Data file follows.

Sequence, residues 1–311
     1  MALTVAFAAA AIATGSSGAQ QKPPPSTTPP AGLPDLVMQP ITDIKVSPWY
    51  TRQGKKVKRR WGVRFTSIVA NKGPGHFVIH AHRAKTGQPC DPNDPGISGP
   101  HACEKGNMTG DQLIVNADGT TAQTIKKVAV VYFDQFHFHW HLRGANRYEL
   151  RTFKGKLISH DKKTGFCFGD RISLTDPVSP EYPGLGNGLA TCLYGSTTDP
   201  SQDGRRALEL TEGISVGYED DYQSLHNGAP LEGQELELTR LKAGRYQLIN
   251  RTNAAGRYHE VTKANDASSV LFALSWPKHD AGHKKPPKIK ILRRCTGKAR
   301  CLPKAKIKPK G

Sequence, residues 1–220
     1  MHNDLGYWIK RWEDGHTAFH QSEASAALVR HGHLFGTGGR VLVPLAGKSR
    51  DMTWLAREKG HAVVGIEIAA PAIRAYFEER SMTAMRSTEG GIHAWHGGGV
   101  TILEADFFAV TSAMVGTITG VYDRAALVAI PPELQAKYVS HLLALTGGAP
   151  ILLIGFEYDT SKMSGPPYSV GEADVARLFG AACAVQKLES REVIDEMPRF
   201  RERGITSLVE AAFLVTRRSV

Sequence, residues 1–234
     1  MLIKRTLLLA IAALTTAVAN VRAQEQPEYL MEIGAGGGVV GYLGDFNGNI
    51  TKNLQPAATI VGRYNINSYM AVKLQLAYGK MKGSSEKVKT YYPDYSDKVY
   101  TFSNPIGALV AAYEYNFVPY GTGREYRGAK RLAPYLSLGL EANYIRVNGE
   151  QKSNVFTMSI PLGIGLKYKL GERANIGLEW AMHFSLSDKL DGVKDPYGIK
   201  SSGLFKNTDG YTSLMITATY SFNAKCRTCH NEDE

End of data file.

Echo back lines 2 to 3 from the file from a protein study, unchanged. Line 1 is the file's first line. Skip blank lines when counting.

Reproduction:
     1  MALTVAFAAA AIATGSSGAQ QKPPPSTTPP AGLPDLVMQP ITDIKVSPWY
    51  TRQGKKVKRR WGVRFTSIVA NKGPGHFVIH AHRAKTGQPC DPNDPGISGP